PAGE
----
Faith of Salman Rushdie

The irreverent, Indian-born, British author Salman Rushdie now says he repents having written "The Satanic Verses" and has renewed his faith in Islam. This, however, is not enough for fundamentalist Muslim leaders in Iran and Britain; their death sentence against the author still stands. In Iran, the Ayatollah Ali Khamenei says to do otherwise would change the "divine ruling" of his late predecessor, the Ayatollah Ruhollah Khomenei, whose mobs seized the U.S. Embassy in Tehran 11 years ago. In Britain, the head of the Muslim Youth Movement has imposed conditions he admits Mr. Rushie can never meet.

Mr. Rushdie's esoteric novel in English explores faith and doubt among transplanted emigrants. It contains dream sequences that burlesque Islamic belief and deeply offend believers. The book is banned in many countries, and for months after February 1989 was effectively censored elsewhere through fear of booksellers to stock or display it.


For 22 months, Mr. Rushdie has lived in protective custody at great personal anguish and great expense to the British taxpayers. Although Britain and Iran have seen fit to repair relations, Iran's support for the threat amounts to an act of war against Britain that continues.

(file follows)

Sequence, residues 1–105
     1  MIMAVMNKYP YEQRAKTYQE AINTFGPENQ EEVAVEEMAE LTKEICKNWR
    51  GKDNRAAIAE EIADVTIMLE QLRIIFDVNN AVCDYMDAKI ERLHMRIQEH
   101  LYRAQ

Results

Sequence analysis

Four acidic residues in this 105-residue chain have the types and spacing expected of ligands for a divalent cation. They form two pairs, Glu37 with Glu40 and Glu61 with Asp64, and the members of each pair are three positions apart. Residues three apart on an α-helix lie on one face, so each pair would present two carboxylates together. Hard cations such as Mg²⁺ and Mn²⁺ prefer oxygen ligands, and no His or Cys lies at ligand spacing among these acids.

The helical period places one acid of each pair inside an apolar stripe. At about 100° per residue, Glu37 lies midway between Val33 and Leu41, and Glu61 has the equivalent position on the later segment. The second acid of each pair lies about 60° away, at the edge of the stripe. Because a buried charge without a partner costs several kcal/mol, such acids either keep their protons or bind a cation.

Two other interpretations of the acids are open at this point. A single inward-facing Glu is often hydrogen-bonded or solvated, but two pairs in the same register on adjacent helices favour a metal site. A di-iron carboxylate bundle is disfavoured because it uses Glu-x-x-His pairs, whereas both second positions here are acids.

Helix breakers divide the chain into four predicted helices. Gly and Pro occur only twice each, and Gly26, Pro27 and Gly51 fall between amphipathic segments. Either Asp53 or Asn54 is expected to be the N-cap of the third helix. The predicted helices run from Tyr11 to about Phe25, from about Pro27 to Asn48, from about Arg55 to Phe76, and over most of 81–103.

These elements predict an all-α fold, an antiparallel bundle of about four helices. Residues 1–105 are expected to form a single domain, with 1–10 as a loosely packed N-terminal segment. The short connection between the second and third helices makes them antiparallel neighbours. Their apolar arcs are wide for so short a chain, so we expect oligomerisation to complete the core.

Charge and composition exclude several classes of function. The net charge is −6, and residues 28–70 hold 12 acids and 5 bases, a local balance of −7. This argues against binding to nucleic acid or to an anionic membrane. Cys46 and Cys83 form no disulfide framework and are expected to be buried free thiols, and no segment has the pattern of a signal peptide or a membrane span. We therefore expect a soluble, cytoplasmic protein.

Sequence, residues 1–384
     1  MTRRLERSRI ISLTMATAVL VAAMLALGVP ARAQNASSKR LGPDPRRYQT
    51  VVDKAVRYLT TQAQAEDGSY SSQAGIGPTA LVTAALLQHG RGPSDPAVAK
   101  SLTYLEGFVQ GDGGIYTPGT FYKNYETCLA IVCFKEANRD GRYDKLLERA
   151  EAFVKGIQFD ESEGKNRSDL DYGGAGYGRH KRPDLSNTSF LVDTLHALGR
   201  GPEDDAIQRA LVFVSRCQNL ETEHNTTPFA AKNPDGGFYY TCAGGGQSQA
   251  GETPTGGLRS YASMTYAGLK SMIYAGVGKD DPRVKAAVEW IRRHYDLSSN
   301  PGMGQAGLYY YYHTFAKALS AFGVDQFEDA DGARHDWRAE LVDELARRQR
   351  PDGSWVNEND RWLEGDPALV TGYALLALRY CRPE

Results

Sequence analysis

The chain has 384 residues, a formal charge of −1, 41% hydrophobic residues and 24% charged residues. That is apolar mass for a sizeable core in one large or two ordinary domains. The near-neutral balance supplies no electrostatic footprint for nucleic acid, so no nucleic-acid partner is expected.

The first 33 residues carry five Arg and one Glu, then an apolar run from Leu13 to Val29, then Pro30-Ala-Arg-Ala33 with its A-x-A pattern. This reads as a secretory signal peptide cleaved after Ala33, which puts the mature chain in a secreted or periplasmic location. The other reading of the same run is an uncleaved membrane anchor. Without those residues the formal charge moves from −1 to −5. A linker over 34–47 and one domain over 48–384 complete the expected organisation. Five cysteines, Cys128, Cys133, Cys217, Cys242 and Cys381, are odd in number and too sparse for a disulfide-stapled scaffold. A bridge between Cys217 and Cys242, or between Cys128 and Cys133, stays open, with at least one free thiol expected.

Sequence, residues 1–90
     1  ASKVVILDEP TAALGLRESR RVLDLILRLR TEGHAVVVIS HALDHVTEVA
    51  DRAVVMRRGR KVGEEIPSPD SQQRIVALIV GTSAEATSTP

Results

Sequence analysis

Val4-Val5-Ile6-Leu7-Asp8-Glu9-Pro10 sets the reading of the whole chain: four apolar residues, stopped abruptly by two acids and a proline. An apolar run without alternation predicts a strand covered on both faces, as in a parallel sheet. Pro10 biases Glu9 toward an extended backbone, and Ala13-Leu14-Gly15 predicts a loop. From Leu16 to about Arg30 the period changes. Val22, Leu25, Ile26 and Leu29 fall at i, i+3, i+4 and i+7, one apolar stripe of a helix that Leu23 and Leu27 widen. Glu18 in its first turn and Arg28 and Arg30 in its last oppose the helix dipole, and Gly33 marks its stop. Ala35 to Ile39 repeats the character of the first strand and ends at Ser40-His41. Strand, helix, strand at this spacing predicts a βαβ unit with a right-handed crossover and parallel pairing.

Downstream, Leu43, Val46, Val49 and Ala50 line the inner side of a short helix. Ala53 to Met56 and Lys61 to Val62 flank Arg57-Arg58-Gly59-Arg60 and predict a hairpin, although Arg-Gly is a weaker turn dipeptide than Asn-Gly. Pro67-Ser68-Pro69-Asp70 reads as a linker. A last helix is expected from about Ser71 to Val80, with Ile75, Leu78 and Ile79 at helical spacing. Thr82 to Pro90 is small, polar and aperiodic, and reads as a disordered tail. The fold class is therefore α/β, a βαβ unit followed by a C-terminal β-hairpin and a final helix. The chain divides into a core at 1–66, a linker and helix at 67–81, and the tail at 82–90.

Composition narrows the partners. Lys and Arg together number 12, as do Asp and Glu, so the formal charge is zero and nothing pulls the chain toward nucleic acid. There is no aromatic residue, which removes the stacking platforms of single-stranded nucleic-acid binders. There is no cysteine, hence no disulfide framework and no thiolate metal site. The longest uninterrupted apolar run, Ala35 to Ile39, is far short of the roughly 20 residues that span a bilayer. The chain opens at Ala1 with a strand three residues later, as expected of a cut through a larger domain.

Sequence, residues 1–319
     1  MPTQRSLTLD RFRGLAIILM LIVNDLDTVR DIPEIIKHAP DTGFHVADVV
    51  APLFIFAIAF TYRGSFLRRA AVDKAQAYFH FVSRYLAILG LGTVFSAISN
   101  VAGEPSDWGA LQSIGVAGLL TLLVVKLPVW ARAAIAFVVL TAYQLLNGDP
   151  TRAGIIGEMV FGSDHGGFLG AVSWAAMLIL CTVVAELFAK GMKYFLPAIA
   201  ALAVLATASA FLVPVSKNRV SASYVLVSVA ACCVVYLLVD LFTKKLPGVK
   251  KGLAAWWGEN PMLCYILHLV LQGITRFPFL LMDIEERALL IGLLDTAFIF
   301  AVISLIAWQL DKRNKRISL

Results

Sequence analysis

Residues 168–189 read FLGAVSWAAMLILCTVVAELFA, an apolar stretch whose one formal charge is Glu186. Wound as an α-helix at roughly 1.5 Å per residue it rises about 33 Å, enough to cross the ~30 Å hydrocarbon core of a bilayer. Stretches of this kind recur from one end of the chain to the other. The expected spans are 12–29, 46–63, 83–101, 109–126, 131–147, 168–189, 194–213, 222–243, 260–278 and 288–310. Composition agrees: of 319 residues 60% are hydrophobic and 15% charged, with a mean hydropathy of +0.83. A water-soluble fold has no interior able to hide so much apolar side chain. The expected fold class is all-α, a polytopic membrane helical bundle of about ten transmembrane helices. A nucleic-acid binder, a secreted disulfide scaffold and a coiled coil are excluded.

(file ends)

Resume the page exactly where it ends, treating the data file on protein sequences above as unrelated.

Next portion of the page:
Now Mr. Rushdie has met with Muslim clergy from Egypt and Britain and pronounced his belief in the oneness of God and the genuineness of the prophecy of the Prophet Mohammed. He has promised to authorize no new translation or paperback printing of "The Satanic Verses" while the novel still offends. But he would not attempt its withdrawal from circulation.


The aim of all this was both to bring Mr. Rushdie to the faith of his fathers, and to end the threat to his life. The latter aim has not been achieved. Ayatollah Khamenei says "The verdict of Islam would remain unchanged even if Rushdie repented and became the most pious Muslim of the age."

This is a disappointment to the Islamic community of Britain, which was deeply offended by Salman Rushdie yet desirous of living in peace with the larger British community.

Islam is a great religion deserving of universal respect. As in Christianity or Judaism or Buddhism, the faith is not to blame for crimes or blasphemies by apostates or adherents.

Mr. Rushdie's faith is his own business. The truth of his conversion will give strength to Islam in the modern world -- if it stands the test of years after the threat to his life is rescinded. That threat is no blemish on Islam. It is, rather, a searing indictment of individuals who utter and maintain it, and of the rulers of Iran, who do not or dare not repudiate it.